Gov. Ned Lamont today signed onto a regional cap and invest program called the Transportation and Climate Initiative that will raise the price of gasoline by upwards of 17 cents per gallon.
Massachusetts Gov. Charlie Baker sent out a press release of the final Memorandum of Understanding between TCI and other Northeastern states including Connecticut and Rhode Island.
“Participating in the TCI-P will help grow our economy through a fresh injection of capital to provide for jobs and new infrastructure,” Lamont said in the press release. “This collaboration will cut our greenhouse gas emissions, and it will make our urban centers healthier, after decades of being adversely impacted by the emissions being released by traffic every day. Connecticut has always taken pride in our leadership role when it comes to climate, and when we can combine that with a stronger economy, fast transit systems, and regional cooperation, that’s a win for all of us.”
Gov. Dannel Malloy originally signed on to the plan, but Gov. Ned Lamont has wavered on saying whether or not Connecticut would continue its commitment.
Lamont had also said he would leave it to the legislature to decide whether or not to commit to the regional initiative as Malloy did with the Regional Greenhouse Gas Initiative.
Republican House Minority Leader Vincent Candelora, R-North Branford, said the TCI proposal “will have to come to the legislature.”
“Gov. Lamont can sign on in concept but the details will have to come before the legislature,” Candelora said. “I’d hate to see the legislature defer any of its taxing authority to a regional entity.”
The TCI plan would place a cap on emissions for gasoline producers and distributors, requiring them to purchase carbon allowances. The funds generated – estimated by TCI to be upwards of $7 billion per year – would then be distributed to participating states to invest in electric cars, buses, bike paths and “climate justice” initiatives.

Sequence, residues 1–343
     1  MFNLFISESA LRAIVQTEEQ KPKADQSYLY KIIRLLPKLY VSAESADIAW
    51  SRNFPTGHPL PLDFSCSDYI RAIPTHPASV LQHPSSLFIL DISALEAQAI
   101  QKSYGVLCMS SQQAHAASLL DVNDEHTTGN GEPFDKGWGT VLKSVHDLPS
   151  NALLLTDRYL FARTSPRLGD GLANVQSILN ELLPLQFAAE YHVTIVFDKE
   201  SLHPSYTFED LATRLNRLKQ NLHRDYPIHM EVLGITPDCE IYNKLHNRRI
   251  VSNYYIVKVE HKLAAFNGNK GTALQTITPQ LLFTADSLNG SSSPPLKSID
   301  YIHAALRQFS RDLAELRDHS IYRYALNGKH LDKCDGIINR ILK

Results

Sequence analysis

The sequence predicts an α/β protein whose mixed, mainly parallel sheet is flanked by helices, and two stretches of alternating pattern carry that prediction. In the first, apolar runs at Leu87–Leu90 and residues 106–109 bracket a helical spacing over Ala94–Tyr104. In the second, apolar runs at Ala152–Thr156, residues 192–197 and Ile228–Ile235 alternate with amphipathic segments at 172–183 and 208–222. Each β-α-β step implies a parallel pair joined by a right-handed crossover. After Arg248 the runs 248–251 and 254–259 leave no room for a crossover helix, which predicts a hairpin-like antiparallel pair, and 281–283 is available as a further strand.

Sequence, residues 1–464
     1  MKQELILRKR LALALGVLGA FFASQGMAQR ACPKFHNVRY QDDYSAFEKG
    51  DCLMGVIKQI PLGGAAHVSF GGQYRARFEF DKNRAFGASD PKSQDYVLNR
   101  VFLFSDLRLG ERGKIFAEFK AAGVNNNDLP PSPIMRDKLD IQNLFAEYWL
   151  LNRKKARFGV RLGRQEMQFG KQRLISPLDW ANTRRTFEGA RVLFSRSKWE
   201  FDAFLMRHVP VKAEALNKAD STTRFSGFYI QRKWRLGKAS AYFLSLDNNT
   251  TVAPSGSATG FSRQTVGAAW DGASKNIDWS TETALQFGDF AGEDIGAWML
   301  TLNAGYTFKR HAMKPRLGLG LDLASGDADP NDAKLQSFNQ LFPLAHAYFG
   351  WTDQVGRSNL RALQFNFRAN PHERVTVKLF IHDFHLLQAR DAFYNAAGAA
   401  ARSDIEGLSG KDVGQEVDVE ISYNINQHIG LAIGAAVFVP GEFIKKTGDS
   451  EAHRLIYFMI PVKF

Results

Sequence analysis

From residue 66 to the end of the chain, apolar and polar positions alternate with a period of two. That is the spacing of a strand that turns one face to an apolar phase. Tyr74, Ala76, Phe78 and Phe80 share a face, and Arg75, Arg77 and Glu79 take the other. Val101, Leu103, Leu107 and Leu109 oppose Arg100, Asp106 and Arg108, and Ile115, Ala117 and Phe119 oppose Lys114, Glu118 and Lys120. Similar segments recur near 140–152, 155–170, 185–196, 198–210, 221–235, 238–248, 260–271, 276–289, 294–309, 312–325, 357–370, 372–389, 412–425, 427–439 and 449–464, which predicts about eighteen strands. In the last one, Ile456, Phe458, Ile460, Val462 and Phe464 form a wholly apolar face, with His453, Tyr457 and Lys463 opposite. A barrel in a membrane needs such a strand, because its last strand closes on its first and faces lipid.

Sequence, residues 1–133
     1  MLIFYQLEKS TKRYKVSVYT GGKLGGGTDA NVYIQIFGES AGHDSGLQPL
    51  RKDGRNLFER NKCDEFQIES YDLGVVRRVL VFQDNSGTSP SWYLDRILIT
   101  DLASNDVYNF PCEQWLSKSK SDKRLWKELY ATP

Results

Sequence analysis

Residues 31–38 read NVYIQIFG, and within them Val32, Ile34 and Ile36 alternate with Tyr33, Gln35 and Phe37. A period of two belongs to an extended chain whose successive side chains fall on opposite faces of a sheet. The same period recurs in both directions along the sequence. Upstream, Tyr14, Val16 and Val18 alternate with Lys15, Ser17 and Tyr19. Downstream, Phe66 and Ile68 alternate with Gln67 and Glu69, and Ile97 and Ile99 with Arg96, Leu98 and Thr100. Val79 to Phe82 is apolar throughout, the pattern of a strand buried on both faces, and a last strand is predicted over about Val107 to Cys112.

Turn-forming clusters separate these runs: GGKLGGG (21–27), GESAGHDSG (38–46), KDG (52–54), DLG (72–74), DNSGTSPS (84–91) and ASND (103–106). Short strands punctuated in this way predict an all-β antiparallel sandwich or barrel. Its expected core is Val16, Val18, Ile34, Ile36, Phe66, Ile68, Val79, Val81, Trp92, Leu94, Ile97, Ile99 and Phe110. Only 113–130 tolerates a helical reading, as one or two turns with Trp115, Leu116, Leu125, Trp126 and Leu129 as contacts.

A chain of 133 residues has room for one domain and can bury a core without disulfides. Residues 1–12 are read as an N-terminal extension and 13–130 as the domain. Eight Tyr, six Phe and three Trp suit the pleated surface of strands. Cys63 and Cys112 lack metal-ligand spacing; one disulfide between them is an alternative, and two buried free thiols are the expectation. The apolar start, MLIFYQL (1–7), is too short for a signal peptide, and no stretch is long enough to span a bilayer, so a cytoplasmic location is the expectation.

However, the gasoline producers and distributors would likely pass the additional costs onto drivers, increasing the price at the pump by upwards of 17 cents in the first year alone, according to TCI.
The cap on emissions would be lowered annually, thereby increasing the cost to drivers on a yearly basis.
TCI says the cap and invest system will create jobs and reduce pollution-related illness in affected populations, resulting in $10 billion worth of public health benefits.
Critics, on the other hand, liken the policy to a regional gasoline tax and say that it will hurt working families trying to earn a living commuting to work, particularly in light of the economic suffering caused by the COVID-19 pandemic.
“TCI is just another gas tax that will disproportionally hurt low and middle-income families who cannot afford an electric vehicle,” said Chris Herb, president of the Connecticut Energy Marketers Association.
“It is sad that Connecticut would even consider increasing the cost of driving to work, bringing their children to school, and going to church only to advantage people who can already afford to buy an EV,” Herb continued.